The consumer advice centers are sounding the alarm because savings banks have paid far too little interest on long-term savings contracts – up to five-digit euro amounts. Nine answers explain which contracts are affected and how you can get more interest.
The Federal Court of Justice (BGH) has specified its case law on additional interest payments for premium savers and made further specifications. The plaintiff consumer advice center (VZ) Sachsen sees the verdict as an important milestone in the effort to allow many savers to pay thousands of euros in lost interest payments. Savings bank customers in particular are likely to benefit, but Volksbanks and Raiffeisenbanks are also affected.
The judgment joins a list of test cases that consumer advocates are conducting against several savings banks and which thousands of customers have joined. So far, the courts have ruled in favor of the consumer; some processes are still running. So that you get your rights, here is an overview of everything important:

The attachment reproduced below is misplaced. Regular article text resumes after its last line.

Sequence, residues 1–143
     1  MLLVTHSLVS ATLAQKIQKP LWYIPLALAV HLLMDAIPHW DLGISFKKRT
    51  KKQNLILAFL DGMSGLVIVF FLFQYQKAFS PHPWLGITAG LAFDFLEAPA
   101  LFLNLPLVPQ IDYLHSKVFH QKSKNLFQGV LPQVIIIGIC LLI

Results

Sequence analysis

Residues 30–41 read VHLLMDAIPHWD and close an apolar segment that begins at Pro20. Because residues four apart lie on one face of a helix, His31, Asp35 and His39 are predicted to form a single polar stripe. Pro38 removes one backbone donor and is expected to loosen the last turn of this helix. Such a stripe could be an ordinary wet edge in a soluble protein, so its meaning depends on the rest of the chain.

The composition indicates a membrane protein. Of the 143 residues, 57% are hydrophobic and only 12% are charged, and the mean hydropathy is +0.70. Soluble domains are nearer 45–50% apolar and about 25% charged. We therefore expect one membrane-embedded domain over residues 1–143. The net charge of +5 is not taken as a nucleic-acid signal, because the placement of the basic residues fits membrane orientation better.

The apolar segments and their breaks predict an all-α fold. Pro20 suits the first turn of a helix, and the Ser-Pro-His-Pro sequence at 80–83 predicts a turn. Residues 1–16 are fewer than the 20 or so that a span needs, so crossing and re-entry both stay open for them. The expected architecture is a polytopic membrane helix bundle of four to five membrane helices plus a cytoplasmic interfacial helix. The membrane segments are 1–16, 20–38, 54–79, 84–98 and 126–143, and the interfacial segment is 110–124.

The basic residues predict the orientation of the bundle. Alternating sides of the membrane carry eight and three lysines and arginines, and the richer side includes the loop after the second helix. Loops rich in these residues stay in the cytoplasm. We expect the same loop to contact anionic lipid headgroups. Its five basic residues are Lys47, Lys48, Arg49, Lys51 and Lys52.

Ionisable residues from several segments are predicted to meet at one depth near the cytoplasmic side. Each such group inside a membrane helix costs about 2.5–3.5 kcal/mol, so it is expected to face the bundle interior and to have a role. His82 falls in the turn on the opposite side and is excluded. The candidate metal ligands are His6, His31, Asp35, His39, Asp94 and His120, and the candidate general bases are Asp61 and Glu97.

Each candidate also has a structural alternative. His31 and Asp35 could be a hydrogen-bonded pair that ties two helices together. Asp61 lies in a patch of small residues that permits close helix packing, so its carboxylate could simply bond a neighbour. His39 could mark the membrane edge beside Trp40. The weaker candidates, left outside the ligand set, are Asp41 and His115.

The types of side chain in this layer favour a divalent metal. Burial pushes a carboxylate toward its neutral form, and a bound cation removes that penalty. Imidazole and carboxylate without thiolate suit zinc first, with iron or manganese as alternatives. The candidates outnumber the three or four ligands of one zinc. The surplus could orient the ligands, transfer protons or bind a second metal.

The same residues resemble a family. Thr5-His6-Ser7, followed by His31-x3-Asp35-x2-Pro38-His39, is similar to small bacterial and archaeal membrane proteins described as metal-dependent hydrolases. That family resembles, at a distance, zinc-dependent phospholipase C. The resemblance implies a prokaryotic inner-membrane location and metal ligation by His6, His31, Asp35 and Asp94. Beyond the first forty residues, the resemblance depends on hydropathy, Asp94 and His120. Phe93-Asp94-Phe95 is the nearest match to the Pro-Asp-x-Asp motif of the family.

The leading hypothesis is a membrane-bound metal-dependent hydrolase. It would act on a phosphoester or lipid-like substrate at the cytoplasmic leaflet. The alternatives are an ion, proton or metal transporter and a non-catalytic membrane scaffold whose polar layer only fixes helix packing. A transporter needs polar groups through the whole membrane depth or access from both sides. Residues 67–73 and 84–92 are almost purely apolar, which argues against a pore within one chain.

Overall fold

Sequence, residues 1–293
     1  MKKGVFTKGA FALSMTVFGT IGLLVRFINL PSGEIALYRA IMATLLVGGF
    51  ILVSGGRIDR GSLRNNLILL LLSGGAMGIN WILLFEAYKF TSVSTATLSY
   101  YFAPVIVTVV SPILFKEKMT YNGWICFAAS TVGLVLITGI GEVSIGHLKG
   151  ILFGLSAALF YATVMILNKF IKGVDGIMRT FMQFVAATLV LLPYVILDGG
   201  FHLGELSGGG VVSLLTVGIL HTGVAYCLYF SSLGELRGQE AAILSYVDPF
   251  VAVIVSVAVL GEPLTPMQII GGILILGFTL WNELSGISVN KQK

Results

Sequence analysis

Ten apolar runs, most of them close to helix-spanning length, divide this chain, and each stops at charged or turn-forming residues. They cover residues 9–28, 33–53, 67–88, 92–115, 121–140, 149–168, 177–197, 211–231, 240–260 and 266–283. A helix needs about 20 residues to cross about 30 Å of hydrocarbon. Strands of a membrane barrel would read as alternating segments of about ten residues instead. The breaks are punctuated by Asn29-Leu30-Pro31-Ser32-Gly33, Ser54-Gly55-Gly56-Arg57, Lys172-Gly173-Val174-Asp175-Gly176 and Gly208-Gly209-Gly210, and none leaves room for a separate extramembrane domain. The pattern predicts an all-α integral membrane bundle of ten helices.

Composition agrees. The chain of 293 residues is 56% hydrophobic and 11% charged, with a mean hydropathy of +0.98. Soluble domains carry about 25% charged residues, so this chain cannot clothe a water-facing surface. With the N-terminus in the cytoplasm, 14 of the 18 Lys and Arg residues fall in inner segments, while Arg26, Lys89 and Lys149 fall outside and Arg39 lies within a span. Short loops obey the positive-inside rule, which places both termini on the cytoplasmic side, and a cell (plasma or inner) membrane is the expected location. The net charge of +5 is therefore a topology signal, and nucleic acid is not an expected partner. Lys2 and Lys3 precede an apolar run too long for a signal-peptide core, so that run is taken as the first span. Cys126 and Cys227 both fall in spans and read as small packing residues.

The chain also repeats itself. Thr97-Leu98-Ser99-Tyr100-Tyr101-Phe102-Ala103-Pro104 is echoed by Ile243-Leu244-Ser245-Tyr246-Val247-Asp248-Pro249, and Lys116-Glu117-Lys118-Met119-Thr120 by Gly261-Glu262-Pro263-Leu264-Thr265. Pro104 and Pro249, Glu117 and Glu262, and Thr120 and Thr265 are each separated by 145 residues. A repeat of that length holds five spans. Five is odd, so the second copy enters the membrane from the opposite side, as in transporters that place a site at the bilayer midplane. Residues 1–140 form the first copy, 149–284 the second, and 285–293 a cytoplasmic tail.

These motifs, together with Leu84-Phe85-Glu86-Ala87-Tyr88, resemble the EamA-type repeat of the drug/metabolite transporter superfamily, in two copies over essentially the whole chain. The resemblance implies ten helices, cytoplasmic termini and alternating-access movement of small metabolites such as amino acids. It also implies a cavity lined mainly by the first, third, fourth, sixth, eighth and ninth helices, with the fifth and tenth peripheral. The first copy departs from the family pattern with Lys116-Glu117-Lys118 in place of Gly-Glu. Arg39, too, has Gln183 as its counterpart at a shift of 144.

The current judgment is important because the BGH declared the premium savings interest calculated by the savings banks to be invalid on the one hand, but also specified a correct calculation method on the other. The Dresden Higher Regional Court, for example, recently avoided the latter; the consumer advice center in Saxony had therefore gone before the BGH.
“Every consumer should be able to calculate their own claims down to the last cent,” said Michael Hummel, legal expert at VZ Sachsen, at the time. A BGH ruling in favor of customers also sends an important signal to the entire industry and could lead to enormous additional claims throughout Germany. VZ has now achieved both goals.
Many banks and savings banks have recruited savers with long-term interest promises. In savings contracts or Riester bank savings plans, however, they used illegal clauses to adjust interest rates. In addition, interest rates were regularly lowered. As a result, customers received too little money when they were paid out because they were credited with too little interest for individual years.